Tougher penalties and increased limitations to crack down on illegal purchases and sales
Senator Andrew Lanza today announced the passage of legislation to restrict the market for ivory articles and rhinoceros horns. The legislation prohibits transactions involving these materials with very limited exceptions and increases the criminal and civil penalties for individuals who violate this law.
Said Governor Andrew Cuomo: “With the passage of this bill, New York State has taken another step forward in the fight against the illegal ivory trade. We will not allow this dangerous and cruel industry to thrive in our State, and this bill ensures that by restricting the market for illegal ivory and adding tougher penalties for those who support it. I am proud that New York is taking this stand, and I urge government and community leaders across the globe to do the same.”
Senator Andrew Lanza said, “The illegal ivory trade is an international crisis in which 20,000 African elephants were slaughtered in 2013 alone. Poachers who are supporting terrorism and the drug trade are acting with impunity helped in part by receptive markets in New York City and Asia. We can make a difference right here with this legislation which will lead to higher conviction rates and tough criminal sentences. I thank Governor Cuomo, Assemblyman Sweeney, Senator Skelos, Senator Klein and all the conservationists and advocates who have given voice to this horror.”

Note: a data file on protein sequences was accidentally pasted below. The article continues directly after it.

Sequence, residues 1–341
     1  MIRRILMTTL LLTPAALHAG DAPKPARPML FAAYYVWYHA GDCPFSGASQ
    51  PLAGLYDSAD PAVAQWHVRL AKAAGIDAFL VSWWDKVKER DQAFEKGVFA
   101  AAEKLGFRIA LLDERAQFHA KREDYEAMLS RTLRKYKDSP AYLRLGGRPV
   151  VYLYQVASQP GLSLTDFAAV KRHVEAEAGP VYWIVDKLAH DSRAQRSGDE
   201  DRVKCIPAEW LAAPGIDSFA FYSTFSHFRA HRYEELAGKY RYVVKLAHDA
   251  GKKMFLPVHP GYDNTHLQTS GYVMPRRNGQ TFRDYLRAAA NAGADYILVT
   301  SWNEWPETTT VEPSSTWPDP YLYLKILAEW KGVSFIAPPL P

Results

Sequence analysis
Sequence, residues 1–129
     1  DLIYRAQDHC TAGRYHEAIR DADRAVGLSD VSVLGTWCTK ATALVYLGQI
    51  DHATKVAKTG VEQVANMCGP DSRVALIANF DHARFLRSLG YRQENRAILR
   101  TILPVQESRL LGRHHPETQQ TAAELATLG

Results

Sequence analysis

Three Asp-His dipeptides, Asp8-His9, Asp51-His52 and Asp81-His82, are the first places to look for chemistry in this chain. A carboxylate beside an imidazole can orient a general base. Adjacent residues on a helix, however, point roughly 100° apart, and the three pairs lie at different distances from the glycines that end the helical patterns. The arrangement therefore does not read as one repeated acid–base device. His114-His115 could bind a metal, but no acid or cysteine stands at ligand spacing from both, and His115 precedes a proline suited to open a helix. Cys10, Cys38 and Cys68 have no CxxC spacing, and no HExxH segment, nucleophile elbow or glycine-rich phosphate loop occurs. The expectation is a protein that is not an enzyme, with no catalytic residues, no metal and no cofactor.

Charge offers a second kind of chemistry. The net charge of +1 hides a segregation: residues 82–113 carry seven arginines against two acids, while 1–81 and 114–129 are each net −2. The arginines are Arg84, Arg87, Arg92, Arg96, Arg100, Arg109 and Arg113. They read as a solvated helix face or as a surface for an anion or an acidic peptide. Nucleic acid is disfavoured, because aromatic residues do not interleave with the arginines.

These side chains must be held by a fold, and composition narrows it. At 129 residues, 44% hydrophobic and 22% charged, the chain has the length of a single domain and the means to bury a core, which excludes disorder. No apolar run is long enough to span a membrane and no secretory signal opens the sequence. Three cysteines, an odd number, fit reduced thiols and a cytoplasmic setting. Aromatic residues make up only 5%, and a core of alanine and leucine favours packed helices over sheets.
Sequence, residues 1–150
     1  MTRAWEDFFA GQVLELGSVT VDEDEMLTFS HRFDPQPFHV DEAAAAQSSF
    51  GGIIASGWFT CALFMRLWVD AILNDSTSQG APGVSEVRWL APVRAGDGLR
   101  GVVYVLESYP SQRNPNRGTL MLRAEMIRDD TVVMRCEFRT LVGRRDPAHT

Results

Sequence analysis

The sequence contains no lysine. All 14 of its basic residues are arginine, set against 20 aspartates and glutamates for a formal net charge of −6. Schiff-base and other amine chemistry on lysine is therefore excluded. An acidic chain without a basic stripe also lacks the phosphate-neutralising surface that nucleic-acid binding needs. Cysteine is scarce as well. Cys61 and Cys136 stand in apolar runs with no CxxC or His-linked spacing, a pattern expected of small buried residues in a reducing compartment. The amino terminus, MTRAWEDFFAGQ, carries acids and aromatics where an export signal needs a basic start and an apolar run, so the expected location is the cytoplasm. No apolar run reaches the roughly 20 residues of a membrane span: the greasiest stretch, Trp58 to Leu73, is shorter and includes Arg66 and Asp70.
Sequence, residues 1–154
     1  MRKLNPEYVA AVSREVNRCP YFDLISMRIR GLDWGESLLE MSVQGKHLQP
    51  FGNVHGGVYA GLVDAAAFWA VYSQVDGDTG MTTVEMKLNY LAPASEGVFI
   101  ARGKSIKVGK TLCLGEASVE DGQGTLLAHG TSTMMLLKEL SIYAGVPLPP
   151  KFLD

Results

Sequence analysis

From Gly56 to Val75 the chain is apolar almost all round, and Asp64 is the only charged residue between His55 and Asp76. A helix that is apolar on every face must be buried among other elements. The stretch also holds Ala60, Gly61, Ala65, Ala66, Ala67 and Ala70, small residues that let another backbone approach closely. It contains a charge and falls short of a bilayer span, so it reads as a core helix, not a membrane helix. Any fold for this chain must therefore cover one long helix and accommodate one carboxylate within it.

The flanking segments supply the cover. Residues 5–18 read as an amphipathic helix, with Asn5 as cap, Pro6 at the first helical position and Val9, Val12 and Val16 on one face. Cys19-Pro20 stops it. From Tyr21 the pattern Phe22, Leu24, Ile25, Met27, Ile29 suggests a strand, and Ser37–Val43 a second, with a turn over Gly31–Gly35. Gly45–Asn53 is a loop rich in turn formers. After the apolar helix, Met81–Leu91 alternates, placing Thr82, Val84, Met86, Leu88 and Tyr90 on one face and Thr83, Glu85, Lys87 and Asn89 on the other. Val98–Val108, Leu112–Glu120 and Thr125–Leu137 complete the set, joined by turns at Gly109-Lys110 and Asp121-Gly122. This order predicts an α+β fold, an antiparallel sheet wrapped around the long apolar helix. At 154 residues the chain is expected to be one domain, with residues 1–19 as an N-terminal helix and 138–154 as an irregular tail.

Senate Co-Leader Jeffrey D. Klein said, "By cracking down on the illegal trade of ivory and rhinoceros horns we not only reinforce our efforts to protect rare animals and wildlife populations around the world but curb this growing criminal activity throughout New York State.”
“Unfortunately, New York is a leading market in the world for illegal ivory sales and so it is important that we strengthen our laws to more effectively crack down on this nefarious activity,” said Assembly Speaker Sheldon Silver. “Not only are we protecting elephants and rhinos from extinction but we are also cutting off the flow of cash to organized crime and terrorist organizations. At an Assembly public hearing earlier this year, Botswana and Tanzania officials testified that international wildlife trafficking is linked to trans-national organized crime and such terrorist groups as Al Shabaab, a terrorist cell of Al Qaeda, that has been linked to the Kenya Mall massacre.”
Said Assemblyman Robert Sweeney: “This legislation will protect elephants, which are being lost to the world at an outrageous rate of 96 elephants a day, all to satisfy the vanity ivory market and to finance terrorism. The enactment of this bill recognizes the significant impact our state can have on clamping down on illegal ivory sales in order to save elephants from the ruthless poaching operations run by terrorists and organized crime.”